Monday, January 28, 2013

Window on Eurasia: Evangelical Christians Form Majority of ‘Non-Traditional’ Believers in Russia, Lunkin Says

 Paul Goble

            Staunton, January 28 – Evangelical Christians now form “the majority” of those whom Moscow officials and media refer to as “non-traditional” religions in Russia, according to Roman Lunkin, a senior scholar at the Institute of Europe of the Russian Academy of Science and president of the Experts Guild on Religion and Law.

            In a presentation to the Moscow Carnegie Center on Friday, Lunkin said that despite their growth and contribution to “the de-secularization of society and its return to Christian values,” Russian attitudes toward evangelical Christians remain much as they were in pre-1917 Russia or in the 1930s and 1940s (

            Now as then, he argued, evangelicals are considered “an inevitable evil in Russia society,” an interesting if somewhat depressing commentary on a country where “inter-religious peace has been proclaimed but where intolerance is the norm.”

            Among those concerned about the increasing influence of Protestants in Russia, Lunkin continued, are “in the first instance,” local officials who do everything they can to restrain “the social activism of evangelical Christians” by limiting their areas of work, blocking construction of churches, conducting show trials, and suggesting that evangelicals are “sectarians.”
            Many Russian Orthodox believers share these views, the Institute of Europe scholar said, viewing all evangelicals except the Lutherans and “traditional Baptists” as sectarians. And these attitudes in society are reflected at the top as well: there are no Protestants in the Inter-Religioius Council of Russia, thus putting them “in the status of foreigners” in their own country.
            But it is not just the Orthodox and the authorities who have these views, Lunkin pointed out. Many in the liberal-democratic camp share the view that evangelicals are “sectarians” and thus a problem. Indeed, “the only party which insists on the equality of all citizens regardless of their denomination is the Communist Party of the Russian Federation.”
            The rise of evangelical Protestantism in Russia beginning in the 1990s was “neither unexpected nor brought in from the outside,” Lunkin said. “That increase in activity was prepared by the entire history of the evangelical churches in Russia from the beginning of the 20th century.”
            Evangelical Protestants have been especially active “in those spheres of social service” that the government does not deal well with, including work with orphans, the sick and the elderly, and the drug addicted. They generally avoid politics, he continued, but they also generally “consider democracy to be the social arrangement closest to the Christian ideal.”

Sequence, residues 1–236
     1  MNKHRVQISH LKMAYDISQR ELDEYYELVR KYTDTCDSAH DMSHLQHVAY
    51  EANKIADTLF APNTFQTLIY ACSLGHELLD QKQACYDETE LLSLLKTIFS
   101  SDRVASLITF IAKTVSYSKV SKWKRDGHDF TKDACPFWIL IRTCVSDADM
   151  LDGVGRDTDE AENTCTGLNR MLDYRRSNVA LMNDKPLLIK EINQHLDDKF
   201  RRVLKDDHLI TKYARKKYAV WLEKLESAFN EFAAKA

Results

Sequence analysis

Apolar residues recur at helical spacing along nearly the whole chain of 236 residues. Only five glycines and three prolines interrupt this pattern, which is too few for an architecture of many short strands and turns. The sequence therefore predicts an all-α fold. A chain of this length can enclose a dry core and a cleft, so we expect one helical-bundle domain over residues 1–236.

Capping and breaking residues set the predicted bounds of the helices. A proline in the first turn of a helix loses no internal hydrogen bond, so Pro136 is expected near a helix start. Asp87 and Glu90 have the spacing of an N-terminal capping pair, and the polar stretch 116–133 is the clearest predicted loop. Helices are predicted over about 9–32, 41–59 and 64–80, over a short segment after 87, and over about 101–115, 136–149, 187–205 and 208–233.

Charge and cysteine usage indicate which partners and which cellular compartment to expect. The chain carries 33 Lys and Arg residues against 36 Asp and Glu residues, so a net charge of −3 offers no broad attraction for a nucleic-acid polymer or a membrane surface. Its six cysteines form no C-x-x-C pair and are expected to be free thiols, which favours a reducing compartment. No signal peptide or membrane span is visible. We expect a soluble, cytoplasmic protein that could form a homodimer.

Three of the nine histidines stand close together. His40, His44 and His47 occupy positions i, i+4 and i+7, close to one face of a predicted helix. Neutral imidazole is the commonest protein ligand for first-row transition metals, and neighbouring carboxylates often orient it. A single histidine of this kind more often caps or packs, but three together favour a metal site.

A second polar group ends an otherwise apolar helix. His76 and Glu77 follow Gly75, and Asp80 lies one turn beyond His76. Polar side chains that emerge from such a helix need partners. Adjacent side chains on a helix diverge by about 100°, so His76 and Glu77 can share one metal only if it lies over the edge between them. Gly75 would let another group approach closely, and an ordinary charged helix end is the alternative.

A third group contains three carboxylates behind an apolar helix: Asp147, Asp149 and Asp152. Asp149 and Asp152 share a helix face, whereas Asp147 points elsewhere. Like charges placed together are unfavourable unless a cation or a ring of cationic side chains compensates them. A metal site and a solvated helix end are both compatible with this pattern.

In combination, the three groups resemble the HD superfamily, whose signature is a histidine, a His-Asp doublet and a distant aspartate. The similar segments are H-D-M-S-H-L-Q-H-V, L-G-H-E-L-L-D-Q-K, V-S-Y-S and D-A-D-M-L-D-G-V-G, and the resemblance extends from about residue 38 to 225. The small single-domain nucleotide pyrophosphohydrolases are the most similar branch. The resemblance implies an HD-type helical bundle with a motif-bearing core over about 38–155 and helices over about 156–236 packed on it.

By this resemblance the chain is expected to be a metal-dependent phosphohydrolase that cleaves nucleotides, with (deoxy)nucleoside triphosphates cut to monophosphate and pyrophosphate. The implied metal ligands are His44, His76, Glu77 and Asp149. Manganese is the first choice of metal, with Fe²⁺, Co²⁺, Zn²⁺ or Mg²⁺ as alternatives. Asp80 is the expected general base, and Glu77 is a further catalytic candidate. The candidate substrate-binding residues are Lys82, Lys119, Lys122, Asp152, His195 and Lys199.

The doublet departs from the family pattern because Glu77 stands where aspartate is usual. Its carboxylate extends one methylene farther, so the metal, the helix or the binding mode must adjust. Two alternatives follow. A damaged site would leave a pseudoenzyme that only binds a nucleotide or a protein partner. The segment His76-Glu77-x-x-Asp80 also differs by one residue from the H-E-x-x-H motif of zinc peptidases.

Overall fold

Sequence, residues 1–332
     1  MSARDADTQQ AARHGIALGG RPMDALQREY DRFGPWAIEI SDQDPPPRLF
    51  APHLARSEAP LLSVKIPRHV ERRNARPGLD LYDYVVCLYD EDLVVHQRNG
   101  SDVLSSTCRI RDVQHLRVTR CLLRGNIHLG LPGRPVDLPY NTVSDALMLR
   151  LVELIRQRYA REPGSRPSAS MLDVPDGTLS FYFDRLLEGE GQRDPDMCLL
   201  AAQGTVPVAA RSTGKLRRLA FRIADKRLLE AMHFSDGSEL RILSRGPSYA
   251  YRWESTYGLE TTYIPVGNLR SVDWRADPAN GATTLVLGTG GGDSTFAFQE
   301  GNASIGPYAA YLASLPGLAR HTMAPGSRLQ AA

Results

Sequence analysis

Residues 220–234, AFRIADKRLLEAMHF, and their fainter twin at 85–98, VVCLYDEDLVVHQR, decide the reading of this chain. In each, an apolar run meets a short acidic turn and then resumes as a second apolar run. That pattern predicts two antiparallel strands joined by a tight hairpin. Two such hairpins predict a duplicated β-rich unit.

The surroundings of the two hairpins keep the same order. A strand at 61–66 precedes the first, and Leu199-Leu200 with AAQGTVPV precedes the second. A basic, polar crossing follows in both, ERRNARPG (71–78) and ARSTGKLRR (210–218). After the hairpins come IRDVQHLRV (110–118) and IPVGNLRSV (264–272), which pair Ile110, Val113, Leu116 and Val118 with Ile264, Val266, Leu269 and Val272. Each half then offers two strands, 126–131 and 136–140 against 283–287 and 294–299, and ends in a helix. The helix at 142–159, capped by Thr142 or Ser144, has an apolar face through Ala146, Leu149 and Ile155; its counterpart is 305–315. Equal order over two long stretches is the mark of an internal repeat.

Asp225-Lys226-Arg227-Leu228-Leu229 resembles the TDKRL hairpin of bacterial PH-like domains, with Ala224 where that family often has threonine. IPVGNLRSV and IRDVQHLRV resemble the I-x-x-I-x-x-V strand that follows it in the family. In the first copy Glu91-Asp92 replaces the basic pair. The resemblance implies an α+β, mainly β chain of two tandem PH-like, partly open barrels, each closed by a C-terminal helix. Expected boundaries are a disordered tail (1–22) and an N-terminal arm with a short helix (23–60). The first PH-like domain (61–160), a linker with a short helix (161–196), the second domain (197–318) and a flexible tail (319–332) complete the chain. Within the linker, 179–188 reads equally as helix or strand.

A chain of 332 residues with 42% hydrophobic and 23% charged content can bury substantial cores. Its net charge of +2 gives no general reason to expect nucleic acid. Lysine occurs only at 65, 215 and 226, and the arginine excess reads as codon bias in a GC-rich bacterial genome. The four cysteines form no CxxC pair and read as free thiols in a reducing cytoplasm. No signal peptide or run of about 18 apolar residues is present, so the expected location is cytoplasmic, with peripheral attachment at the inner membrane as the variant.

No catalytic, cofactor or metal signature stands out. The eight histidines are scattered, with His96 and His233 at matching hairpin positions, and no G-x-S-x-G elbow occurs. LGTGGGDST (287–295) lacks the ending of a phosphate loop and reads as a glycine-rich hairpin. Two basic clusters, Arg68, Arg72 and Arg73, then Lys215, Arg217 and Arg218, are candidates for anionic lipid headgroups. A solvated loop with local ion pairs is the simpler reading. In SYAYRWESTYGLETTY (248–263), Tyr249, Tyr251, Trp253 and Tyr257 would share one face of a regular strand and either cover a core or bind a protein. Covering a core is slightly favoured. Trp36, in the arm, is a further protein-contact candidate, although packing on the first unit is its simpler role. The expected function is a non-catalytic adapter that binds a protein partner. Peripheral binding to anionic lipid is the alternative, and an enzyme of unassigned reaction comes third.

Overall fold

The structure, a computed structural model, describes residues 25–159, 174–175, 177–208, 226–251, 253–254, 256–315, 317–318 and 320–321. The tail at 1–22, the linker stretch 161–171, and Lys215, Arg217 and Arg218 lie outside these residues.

“A new phenomenon of the second half of the first decade of this century,” Lunkin noted, “is Protestant representation in local organs of power.”  A majority of evangelical churches have representatives in local legislatures and the mayors of Tol’yatti and Nikolayevsk openly acknowledge that they are Protestants.

        In addition, Lunkin pointed to the support Protestants give to business activity through their formation of “formal and informal business clubs.”  (That role recalls the writings of Max Weber on capitalism and Russia which are most usefully surveyed by Richard Pipes in his essay, “Max Weber and Russia,” World Politics, 7:3 (1955): 371-401.)

            What is striking, Lunkin suggested, is that the percentage of Protestants is greatest – perhaps 11 to 14 percent – in non-Russian areas like Tatarstan, Bashkortostan, Yamalo-Nenets AO, and North Osetia, a pattern that suggests Protestantism could be a bridge for many to return to Christianity.
            “The crisis of religiosity” in today’s Russia, Lunkin concluded, is best understood “as a crisis of centralized historical churches. And genuinely religious feelings and interest in faith” are most often found in “the ‘non-traditional’ Christian churches,” something that is “gradually destroying the myth about ‘the inevitable evil’” they are thought by some to represent.  
            The scholar concluded that “the division of Russian religions between ‘the traditional’ and ‘the non-traditional’ is rooted in history, but it does not reflect the current situation of things: [Evangelical Protestants represent] an important part of society,” one consisting of “active citizens who are present in all spheres and are ready to defend their interests.”

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